RVC Aims To Help Campgrounds Grow
Private park operators often know what they need to do to improve their operations and expand their customer base, particularly if they attend educational seminars organized by state and national campground industry associations.
The challenge is often money.
Many private park operators simply cannot generate enough net income to implement the improvements they need to make or they have difficulties finding commercial lenders who understand their businesses well enough to provide them with the amount of capital they need.
Many park operators also lack expertise in certain areas. They may be terrific at running the front desk or maintaining their park’s facilities, but may have difficulty marketing their park successfully through every medium from social media to traditional print, radio and television. Some may do well with RV and tent sites, but find themselves challenged when it comes to properly managing their rental accommodations.
Andy Cates understands these dilemmas.
As CEO and general partner of Memphis, Tenn.-based RVC Outdoor Destinations, Cates oversees a network of 10 private parks in eight states that the company has developed into “Marriott-” or “Hilton-level” resorts. These include resorts that RVC has overhauled with millions of dollars worth of upgrades as well as RV Resorts and Outdoor Destinations that RVC has expanded or built from the ground up.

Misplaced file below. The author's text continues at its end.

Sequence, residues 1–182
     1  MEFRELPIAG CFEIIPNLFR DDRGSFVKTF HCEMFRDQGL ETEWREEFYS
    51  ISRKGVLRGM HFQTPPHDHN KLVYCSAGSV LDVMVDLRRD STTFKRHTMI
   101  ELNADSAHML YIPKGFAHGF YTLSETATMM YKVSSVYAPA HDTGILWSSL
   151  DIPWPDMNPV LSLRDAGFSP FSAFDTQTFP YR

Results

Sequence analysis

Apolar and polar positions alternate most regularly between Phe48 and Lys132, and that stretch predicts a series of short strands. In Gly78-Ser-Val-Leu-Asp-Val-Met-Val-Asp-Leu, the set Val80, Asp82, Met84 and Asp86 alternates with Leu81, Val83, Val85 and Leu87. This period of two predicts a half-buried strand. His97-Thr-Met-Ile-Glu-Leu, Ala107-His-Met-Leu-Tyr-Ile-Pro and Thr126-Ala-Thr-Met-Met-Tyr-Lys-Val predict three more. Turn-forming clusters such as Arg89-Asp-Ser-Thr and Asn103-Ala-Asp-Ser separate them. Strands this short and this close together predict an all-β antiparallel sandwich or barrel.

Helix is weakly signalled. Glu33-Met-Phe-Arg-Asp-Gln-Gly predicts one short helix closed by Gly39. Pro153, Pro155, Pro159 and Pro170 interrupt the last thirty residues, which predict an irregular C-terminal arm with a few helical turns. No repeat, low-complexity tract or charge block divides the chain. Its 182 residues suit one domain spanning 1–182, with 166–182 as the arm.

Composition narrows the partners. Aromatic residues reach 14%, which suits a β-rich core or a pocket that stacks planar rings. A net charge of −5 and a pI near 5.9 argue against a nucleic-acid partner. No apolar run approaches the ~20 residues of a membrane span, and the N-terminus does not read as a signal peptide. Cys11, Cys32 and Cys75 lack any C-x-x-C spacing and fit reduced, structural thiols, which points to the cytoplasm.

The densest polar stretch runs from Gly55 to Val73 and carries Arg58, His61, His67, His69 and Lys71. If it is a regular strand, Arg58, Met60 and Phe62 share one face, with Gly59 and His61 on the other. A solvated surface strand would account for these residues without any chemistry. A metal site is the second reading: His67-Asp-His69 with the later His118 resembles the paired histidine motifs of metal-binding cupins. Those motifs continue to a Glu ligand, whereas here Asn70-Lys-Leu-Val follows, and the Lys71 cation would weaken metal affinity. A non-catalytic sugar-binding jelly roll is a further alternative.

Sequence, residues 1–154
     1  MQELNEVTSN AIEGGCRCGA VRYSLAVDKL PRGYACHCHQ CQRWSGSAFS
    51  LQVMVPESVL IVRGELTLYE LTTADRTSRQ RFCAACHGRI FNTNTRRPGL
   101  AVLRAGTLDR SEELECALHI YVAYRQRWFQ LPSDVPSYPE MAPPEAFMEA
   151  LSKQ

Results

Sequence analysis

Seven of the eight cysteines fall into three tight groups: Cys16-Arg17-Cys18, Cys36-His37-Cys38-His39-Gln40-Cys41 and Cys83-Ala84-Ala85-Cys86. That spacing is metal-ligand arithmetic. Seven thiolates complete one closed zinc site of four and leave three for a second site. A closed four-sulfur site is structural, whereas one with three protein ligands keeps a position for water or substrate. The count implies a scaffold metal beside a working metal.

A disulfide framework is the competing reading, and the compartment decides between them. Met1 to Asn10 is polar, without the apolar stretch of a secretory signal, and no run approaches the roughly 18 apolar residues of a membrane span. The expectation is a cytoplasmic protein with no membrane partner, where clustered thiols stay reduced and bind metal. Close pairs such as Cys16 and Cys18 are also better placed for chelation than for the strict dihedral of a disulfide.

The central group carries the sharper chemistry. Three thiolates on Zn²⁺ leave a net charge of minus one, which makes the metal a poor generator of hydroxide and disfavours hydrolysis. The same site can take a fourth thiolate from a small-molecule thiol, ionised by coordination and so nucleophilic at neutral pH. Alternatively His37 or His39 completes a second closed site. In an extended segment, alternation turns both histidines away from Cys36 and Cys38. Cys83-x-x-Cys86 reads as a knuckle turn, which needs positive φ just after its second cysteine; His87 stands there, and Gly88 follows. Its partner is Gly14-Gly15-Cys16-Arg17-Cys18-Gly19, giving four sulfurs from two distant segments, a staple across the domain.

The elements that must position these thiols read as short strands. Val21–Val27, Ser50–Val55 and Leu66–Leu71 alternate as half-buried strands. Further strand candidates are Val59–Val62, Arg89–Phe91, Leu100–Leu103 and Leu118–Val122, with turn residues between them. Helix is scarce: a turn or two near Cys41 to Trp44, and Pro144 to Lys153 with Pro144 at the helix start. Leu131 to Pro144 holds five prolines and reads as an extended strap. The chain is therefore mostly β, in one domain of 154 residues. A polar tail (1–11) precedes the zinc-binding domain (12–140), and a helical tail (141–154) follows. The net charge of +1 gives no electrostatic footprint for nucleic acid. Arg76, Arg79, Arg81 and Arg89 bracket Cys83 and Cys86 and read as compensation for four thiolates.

In most cases, RVC owns its resorts outright. But in some cases, RVC is a business partner with existing park owners who need the financial backing and operational support that Cates and his team can provide.
“We’re like angel investors with operational expertise in the campground and outdoor-hospitality business,” Cates said, adding that RVC is actively looking for operators of high-quality properties who need the investment capital and operational support that RVC can provide or simply want to be a part of something larger.
Of course, Cates is not looking to partner with just any park. He’s looking for parks that have the potential to become the Hiltons and Marriotts of the campground industry.
“We’re spending time with existing owners of high-quality properties who want to align with a bigger group that brings more resources,” Cates said. “A lot of existing, very-high-quality outdoor-hospitality properties are seeking resources and help and more capacity, capital and marketing support. They want partners, but they don’t necessarily want to be a franchise. These are parks that do not fit easily into a Yogi, KOA or ELS model. The reality is there is not a Hilton or a Marriott option in the campground business. But we’re not a Four Seasons or Ritz Carlton, either. We’re Hilton or Marriott. Although we offer a high-quality product, it is reachable to most consumers.”
For the full story, pick up the February issue of Woodall’s Campground Management.